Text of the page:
How will the “new” federal REAL ID Act that contains policies for your driver’s license affect you?
Does TSA consider your driver’s license valid according to the federal REAL ID Act?
I have a valid license in my state, but I recently found out that it’s not REAL ID-compliant.
That’s right, and you might be in the same boat.
What is REAL ID?
In a Los Angeles Times article by Catharine Hamm, I was surprised to learn that back in 2005, the Department of Homeland Security established new guidelines for identifications. The new standards – called “REAL ID” – are designed to “strengthen policies and procedures for getting a driver’s license” and “are based on recommendations made by the 9/11 Commission.” I’d heard rumblings about a new ID system in 2018, but I hadn’t paid attention to it until I was given a copy of Hamm’s article.
Whenever I go through security at an airport before flying to a destination to present a time management keynote or workshop, I’m required to show my ID at TSA security checkpoints. Like most people, I use my driver’s license for domestic flights. But as I discovered on the Department of Homeland Security’s website, the state of Texas is one of many that are still not in compliance, which means that once the federal REAL ID Act enforcement goes into effect, my license will not be accepted at TSA checkpoints or at military bases or at federal institutions that require ID checks.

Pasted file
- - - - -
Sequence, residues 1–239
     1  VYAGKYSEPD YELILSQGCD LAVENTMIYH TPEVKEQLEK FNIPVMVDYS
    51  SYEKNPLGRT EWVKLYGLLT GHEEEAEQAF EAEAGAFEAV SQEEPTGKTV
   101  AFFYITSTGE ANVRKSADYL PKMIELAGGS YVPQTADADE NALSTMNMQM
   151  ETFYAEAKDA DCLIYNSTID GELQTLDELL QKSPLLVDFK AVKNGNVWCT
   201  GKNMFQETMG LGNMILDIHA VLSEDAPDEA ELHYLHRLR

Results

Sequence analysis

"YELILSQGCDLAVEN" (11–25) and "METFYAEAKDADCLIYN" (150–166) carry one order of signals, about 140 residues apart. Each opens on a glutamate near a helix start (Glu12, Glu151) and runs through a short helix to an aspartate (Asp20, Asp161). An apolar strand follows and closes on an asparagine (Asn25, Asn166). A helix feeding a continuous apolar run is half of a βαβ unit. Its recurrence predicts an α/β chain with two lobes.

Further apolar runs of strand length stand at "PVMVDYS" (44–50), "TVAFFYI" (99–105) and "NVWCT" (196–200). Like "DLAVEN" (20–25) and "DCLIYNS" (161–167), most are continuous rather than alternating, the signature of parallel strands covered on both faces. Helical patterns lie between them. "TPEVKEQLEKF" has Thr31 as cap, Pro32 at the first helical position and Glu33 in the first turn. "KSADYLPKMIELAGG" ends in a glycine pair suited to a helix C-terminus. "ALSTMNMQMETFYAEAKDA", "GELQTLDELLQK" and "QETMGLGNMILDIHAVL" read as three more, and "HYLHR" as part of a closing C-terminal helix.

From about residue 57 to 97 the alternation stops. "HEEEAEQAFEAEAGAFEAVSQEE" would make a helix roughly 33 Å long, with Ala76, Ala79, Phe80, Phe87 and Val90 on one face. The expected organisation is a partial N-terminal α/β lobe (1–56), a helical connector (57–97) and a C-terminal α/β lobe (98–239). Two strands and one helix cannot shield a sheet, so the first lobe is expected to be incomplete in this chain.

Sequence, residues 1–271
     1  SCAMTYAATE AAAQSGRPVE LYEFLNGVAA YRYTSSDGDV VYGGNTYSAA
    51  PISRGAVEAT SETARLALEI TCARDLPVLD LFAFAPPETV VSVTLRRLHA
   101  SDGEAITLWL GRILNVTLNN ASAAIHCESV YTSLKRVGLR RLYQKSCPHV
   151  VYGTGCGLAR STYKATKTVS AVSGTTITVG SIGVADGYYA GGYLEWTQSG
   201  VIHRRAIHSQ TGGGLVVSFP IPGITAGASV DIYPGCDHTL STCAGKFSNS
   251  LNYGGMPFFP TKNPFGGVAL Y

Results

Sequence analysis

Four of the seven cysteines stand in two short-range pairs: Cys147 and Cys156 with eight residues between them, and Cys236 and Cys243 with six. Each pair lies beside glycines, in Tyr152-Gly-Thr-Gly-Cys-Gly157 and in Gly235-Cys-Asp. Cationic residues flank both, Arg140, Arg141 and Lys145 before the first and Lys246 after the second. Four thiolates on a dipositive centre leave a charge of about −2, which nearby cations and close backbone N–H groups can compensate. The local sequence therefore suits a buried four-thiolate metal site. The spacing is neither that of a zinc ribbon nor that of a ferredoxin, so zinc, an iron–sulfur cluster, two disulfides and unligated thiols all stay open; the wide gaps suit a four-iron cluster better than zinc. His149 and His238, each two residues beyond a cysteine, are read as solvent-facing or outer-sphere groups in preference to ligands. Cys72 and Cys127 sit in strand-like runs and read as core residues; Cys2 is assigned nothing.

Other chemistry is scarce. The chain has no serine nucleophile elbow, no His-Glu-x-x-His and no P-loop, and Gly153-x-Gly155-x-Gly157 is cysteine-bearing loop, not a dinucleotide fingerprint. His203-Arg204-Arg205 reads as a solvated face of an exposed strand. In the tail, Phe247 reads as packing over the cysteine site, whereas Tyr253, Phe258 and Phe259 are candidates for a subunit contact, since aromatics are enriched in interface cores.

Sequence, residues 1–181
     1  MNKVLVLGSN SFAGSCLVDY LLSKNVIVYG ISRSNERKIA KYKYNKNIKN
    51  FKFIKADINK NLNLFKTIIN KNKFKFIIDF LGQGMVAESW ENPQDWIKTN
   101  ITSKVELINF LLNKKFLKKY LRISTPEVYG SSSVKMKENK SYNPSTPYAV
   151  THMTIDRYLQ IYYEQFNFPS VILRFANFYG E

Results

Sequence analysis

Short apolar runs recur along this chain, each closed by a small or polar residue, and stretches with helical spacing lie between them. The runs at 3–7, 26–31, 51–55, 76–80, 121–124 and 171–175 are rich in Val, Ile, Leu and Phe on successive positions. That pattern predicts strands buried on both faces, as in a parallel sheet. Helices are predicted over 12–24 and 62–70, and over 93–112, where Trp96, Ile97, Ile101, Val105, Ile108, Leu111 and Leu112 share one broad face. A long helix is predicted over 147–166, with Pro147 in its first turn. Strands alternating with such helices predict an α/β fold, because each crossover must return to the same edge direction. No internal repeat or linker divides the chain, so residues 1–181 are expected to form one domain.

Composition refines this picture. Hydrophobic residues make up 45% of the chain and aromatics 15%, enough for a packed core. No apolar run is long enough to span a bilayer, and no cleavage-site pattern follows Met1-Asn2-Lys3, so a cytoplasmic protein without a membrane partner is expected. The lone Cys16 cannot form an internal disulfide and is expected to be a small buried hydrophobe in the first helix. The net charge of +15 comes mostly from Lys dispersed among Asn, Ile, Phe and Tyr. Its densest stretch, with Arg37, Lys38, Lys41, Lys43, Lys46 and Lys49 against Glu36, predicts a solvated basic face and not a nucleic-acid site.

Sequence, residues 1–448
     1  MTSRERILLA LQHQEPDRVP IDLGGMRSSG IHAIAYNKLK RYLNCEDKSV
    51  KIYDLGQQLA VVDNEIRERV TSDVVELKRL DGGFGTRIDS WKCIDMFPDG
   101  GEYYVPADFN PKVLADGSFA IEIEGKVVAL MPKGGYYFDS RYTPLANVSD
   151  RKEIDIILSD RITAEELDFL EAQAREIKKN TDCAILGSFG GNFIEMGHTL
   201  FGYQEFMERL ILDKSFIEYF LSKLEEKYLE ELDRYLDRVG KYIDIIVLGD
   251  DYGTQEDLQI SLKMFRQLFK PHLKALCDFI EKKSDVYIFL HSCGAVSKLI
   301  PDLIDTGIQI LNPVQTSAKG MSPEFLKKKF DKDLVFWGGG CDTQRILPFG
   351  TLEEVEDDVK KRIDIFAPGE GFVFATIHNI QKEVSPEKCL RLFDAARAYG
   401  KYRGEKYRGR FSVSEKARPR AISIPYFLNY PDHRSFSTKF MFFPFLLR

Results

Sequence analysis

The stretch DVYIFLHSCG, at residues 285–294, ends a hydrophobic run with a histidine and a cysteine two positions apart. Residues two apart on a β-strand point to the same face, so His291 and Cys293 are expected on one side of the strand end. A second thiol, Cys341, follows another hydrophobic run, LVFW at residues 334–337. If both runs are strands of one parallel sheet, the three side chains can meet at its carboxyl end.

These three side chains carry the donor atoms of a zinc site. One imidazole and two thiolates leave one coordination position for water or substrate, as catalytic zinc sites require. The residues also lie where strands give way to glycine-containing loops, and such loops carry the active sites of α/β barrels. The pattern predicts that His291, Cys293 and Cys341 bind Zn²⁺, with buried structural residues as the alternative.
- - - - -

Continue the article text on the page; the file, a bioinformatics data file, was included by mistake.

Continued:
So, what exactly is supposed to happen with REAL ID…and when?
Beginning October 10, 2017, all states are supposed to be in compliance, and TSA will begin looking for your “valid form of ID.”
States that are running 12 years behind on meeting compliance by the deadline can apply for an extension. During this extension period (October 2017 – January 2018), TSA will issue warnings if your ID is not in compliance with the federal REAL ID Act.
Starting January 22, 2018, TSA will require that your driver’s license meet all federal guidelines in order for it to be considered a “valid form of ID.” Some military bases, nuclear facilities and federal institutions begin enforcement in July 2017. That’s right – this month!
After that, if your state is still not in compliance, you will have to use a form of ID other than your state-issued driver’s license. Other forms of acceptable ID include: Global Entry card, passport card, and U.S. Military ID. For a complete list of acceptable ID’s, click here.
Note that a valid passport is still required for international travel.
Is your state already REAL ID compliant?
If you’re wondering whether your state is already in compliance or if your state has applied for an extension, you can view this Real ID compliance chart from DHS. Or, could your state be one of those that’s flat-out refusing to comply? Check out the above site to find out.
I plan to carry my alternate form of ID in my wallet starting now. I’ve done work on military bases and fly often, so I don’t want to worry about forgetting it on one of those occasions. I also don’t want to have to remember when the deadline extension ends and warnings become actual enforcement. Better yet, maybe my state will meet its 12-year head’s up notice and become compliant by the deadline.
For complete details about how the REAL ID policies will affect you, please visit the Department of Homeland Security’s REAL ID FAQ page.